Independent publicists run leaner operations and often cut out the fluff of blogs and regional magazines. While larger brands appreciate blog reviews and regional features, most startups want to see their name in the Forbeses, Fortunes, and Tech Crunches of the business world, not Joe’s tech blog with 5,000 unique visitors per month. Many startups don’t see the value in the smaller outlets, and freelancers don’t typically have time to cultivate them either.
Just because you’re not pitching your own brand doesn’t mean you don’t need to reserve time for a PR commitment. If you have little time to do interviews or take intro calls from journalists, a public relations firm likely will have a senior partner who can answer questions or speak on your behalf or train another employee to represent the brand until the actual interview.
If you have a little more time to dedicate to a PR campaign, a freelancer will make the introductions and set up the calls, allowing you to tell your brand’s story from your perspective.
Disruptive startups are going to want a media campaign personalized for their brand. Many PR firms work with a regimented PR strategy that is applied across all clients based on their capabilities as an agency, not your goals as a brand. To keep everyone in the agency on the same track across different accounts, most agencies employ standard practices. Everything from new business proposals to pitches are templated and ready for modification, based on the startup they are pitching that day.
PR freelancers often curate a campaign from the ground up, looking first at the goals and newsworthiness of a brand. Because freelancers aren’t typically onboarding 15 brands a month, or even a year, they look at every campaign carefully. Not being beholden to a team of people and one stringent strategy, a freelancer can customize a campaign to better fit a company’s goals throughout the PR process.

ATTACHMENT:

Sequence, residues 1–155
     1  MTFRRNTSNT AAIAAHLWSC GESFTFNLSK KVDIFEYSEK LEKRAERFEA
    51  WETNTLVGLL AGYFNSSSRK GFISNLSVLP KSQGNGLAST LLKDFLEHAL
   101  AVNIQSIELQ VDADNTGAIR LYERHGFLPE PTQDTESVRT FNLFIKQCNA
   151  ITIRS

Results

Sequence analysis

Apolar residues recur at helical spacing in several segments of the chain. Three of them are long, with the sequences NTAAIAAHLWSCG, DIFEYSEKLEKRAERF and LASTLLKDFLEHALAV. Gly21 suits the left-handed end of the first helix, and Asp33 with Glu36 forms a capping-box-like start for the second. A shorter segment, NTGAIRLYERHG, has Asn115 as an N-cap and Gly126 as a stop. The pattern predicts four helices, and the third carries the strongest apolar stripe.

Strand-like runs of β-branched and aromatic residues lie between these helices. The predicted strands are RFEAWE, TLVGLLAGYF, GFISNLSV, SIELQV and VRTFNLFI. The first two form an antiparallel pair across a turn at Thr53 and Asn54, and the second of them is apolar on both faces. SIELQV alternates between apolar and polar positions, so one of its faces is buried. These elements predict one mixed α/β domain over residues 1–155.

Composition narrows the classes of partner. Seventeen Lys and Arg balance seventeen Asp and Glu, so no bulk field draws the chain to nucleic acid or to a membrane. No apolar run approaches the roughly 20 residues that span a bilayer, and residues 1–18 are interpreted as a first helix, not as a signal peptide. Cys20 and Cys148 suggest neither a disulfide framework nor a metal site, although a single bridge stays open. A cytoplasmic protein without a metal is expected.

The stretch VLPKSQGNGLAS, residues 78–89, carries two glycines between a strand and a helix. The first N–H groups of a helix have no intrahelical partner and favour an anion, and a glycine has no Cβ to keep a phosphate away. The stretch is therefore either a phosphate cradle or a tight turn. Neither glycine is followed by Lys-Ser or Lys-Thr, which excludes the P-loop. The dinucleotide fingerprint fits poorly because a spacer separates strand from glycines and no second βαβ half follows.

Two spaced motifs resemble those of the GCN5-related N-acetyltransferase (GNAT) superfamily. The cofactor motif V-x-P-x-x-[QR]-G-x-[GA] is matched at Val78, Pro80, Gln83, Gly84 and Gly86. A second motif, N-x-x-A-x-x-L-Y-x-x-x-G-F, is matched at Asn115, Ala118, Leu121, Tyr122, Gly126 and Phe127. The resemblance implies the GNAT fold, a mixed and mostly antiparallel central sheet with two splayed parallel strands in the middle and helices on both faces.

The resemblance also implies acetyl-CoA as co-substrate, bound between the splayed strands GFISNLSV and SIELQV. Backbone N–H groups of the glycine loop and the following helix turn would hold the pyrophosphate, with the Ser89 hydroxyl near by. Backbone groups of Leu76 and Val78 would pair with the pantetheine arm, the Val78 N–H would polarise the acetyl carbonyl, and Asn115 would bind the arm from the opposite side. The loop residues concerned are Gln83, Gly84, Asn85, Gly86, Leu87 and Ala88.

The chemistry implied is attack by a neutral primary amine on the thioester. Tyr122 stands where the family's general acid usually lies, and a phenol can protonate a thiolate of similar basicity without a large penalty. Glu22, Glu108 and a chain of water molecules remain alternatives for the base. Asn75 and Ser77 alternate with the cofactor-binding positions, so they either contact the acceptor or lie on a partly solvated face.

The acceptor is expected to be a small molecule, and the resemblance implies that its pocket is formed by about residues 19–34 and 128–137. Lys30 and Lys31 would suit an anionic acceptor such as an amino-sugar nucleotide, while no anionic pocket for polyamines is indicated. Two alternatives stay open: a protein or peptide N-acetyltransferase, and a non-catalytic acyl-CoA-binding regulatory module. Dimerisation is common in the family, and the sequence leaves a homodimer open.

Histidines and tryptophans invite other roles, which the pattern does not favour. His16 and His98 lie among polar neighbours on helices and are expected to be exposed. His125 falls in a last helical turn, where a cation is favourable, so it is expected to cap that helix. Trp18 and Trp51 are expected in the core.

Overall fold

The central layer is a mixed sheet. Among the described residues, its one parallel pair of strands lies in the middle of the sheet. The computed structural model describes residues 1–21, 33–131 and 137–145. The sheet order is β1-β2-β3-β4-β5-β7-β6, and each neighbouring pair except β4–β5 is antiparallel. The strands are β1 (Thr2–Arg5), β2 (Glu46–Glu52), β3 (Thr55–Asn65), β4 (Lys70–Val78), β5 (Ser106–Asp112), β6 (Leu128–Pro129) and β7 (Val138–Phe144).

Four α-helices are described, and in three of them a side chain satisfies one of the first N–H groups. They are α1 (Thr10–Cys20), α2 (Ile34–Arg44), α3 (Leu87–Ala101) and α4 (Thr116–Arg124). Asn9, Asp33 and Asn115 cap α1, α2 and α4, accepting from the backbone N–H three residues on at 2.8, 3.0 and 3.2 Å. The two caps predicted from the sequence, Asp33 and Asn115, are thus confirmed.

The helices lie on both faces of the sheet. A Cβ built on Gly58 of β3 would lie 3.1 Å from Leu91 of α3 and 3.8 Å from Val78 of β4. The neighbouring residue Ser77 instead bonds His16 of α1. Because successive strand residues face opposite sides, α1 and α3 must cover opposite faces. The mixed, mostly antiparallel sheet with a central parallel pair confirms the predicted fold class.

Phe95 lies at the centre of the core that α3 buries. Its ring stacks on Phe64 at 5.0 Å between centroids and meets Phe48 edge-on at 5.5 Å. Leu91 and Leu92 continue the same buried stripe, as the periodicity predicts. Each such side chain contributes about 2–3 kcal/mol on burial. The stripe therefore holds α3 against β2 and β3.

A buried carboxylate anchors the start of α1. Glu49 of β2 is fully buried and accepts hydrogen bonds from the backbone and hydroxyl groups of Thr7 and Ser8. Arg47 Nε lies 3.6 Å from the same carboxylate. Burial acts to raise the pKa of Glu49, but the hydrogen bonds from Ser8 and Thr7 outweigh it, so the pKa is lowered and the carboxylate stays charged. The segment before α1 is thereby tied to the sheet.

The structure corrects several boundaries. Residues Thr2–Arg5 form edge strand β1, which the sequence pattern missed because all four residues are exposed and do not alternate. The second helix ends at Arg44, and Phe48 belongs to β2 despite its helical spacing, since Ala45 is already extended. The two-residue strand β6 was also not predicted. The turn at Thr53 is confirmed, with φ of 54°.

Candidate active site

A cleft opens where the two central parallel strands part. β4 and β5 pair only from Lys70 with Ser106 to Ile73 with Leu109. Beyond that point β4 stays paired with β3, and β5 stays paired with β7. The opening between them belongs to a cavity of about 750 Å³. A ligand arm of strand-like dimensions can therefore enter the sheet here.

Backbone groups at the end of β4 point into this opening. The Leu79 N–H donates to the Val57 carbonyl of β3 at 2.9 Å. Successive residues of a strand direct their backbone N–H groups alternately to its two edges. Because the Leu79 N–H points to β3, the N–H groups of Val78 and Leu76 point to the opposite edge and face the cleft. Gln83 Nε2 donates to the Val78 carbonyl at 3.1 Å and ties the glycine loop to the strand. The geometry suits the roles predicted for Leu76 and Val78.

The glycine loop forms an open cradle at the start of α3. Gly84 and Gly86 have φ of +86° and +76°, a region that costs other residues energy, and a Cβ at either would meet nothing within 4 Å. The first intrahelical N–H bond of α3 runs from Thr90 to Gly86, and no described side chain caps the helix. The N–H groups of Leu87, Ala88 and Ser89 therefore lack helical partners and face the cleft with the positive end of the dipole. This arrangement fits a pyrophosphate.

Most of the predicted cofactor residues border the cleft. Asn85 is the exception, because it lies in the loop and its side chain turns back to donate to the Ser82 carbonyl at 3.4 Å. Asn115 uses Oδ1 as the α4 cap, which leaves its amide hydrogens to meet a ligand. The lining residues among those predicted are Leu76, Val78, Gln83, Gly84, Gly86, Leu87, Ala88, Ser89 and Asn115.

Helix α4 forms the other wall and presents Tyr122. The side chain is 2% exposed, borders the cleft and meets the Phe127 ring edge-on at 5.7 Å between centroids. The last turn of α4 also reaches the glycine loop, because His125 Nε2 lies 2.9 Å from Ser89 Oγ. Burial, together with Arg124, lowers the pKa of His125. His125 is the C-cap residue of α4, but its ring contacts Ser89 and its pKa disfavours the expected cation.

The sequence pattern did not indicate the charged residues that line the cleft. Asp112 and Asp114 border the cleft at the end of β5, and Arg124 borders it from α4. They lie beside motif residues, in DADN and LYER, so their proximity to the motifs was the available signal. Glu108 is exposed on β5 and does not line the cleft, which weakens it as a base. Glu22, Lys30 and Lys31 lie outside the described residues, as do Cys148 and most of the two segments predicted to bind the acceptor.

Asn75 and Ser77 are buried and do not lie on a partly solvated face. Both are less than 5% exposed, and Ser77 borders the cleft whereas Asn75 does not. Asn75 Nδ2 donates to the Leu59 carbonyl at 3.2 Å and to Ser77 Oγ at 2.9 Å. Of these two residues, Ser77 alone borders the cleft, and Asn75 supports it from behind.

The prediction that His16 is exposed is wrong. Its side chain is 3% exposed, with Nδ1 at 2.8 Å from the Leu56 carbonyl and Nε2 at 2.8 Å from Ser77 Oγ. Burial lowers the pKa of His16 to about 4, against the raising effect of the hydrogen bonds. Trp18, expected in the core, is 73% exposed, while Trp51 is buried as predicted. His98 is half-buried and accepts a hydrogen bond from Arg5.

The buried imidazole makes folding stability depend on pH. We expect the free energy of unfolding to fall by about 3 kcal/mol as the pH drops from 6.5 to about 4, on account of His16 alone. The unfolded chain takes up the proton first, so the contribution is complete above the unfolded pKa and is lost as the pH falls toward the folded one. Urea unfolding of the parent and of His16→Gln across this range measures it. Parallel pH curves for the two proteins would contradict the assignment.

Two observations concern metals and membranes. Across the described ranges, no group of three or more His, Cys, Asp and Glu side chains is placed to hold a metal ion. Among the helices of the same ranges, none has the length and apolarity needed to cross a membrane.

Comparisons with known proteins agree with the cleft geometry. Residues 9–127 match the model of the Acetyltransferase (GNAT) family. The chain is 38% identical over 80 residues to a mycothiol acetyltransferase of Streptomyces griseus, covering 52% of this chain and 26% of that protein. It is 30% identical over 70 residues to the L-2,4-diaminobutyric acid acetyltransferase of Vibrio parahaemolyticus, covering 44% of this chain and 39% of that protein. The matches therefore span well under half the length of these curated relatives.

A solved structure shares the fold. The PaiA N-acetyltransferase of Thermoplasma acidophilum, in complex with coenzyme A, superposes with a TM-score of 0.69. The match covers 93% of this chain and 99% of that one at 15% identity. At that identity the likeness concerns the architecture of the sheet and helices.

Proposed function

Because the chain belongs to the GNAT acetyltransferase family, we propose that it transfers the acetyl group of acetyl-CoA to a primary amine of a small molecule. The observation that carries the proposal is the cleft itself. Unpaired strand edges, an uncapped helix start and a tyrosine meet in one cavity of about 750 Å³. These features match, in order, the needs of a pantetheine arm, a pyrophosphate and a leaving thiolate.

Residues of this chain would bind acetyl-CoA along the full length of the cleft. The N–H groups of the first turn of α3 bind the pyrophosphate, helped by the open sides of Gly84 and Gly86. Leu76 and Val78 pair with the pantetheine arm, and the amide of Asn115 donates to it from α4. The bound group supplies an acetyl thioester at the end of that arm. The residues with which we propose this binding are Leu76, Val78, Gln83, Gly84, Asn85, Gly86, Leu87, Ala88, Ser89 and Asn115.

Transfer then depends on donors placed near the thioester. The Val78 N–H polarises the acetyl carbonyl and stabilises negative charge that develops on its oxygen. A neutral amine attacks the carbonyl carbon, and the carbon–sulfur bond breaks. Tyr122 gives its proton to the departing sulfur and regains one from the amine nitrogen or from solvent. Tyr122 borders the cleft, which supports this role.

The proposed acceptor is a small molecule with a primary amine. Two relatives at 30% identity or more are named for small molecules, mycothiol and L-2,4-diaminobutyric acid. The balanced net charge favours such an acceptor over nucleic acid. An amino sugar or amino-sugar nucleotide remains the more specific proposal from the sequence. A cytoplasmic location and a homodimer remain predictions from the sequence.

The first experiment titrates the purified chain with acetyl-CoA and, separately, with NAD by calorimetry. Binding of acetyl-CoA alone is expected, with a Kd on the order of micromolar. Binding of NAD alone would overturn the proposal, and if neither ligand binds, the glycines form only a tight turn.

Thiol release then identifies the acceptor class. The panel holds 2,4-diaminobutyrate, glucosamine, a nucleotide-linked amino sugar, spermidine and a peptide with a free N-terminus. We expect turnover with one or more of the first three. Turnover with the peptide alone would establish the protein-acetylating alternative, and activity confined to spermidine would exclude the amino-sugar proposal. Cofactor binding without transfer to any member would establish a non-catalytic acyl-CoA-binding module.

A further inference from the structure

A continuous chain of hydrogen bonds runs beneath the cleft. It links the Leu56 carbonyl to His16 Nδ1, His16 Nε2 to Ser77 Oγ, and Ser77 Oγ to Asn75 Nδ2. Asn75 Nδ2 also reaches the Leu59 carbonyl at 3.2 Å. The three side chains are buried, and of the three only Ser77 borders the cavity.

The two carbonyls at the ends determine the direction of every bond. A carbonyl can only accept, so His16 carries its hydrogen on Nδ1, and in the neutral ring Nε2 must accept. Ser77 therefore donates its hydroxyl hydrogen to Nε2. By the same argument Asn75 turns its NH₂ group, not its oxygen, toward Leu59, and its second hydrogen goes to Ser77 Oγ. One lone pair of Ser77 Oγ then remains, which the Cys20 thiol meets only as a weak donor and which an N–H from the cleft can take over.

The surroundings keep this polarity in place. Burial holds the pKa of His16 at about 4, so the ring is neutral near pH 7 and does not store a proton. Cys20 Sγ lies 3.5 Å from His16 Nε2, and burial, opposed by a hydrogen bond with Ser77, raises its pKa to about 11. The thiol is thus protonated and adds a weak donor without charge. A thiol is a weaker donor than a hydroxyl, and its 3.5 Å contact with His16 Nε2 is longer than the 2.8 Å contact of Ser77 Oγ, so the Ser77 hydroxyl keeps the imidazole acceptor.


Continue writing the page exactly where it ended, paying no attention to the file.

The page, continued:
If you have a rapid deadline, then, by all means, hire a PR agency, which has more people and, thusly, more contacts at media houses to quickly launch a timely story.
No matter what any freelancer says, independent publicists do not carry the same weight as a firm of 10 professionals and often only know a few people at each publication. This makes them much less likely to be able to accelerate the process.
If your story must be published next week, speak to an agency. If you can wait two weeks or more to allow a strategy to unfold and be implemented, then consider a freelancer.
Public relations agencies aren’t cheap; retainers typically start at $5K per month for a minimum of five months’ work. That $5K doesn’t guarantee star treatment either. PR principals constantly check on their teams to make sure members are not “overservicing” a client. This often means that a startup is cast aside by mid-month in favor of older clients.
Independent publicists usually charge in the range of $2K per month and limit the size of their business, thereby guaranteeing them the time necessary to commit themselves to their clients’ needs, campaign, and goals.
If you have a big budget for public relations, a PR firm has multiple publicists, each with a wealth contacts, who will ensure that your brand receives coverage.
If you’re more restricted financially, a freelance publicist will work within your budget and still deliver terrific service.
Some publicists, including Melissa A, Vitale, offer hybrid services. Some clients require one publicist, while others require a team of publicists, content and copywriters. To learn more about our services, visit https://www.melissaavitale.com/services.html